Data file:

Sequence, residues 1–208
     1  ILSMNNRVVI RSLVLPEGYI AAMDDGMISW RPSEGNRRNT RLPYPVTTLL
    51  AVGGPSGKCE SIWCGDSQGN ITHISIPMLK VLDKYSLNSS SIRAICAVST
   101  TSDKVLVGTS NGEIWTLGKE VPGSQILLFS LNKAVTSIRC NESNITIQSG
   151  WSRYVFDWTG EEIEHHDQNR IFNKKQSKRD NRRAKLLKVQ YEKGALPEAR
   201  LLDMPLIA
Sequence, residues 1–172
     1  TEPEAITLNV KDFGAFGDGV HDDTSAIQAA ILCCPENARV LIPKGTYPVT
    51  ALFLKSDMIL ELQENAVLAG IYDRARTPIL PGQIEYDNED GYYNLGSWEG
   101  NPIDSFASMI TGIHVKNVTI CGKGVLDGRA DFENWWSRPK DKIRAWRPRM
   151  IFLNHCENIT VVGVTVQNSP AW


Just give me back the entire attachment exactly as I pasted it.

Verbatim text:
Sequence, residues 1–208
     1  ILSMNNRVVI RSLVLPEGYI AAMDDGMISW RPSEGNRRNT RLPYPVTTLL
    51  AVGGPSGKCE SIWCGDSQGN ITHISIPMLK VLDKYSLNSS SIRAICAVST
   101  TSDKVLVGTS NGEIWTLGKE VPGSQILLFS LNKAVTSIRC NESNITIQSG
   151  WSRYVFDWTG EEIEHHDQNR IFNKKQSKRD NRRAKLLKVQ YEKGALPEAR
   201  LLDMPLIA
Sequence, residues 1–172
     1  TEPEAITLNV KDFGAFGDGV HDDTSAIQAA ILCCPENARV LIPKGTYPVT
    51  ALFLKSDMIL ELQENAVLAG IYDRARTPIL PGQIEYDNED GYYNLGSWEG
   101  NPIDSFASMI TGIHVKNVTI CGKGVLDGRA DFENWWSRPK DKIRAWRPRM
   151  IFLNHCENIT VVGVTVQNSP AW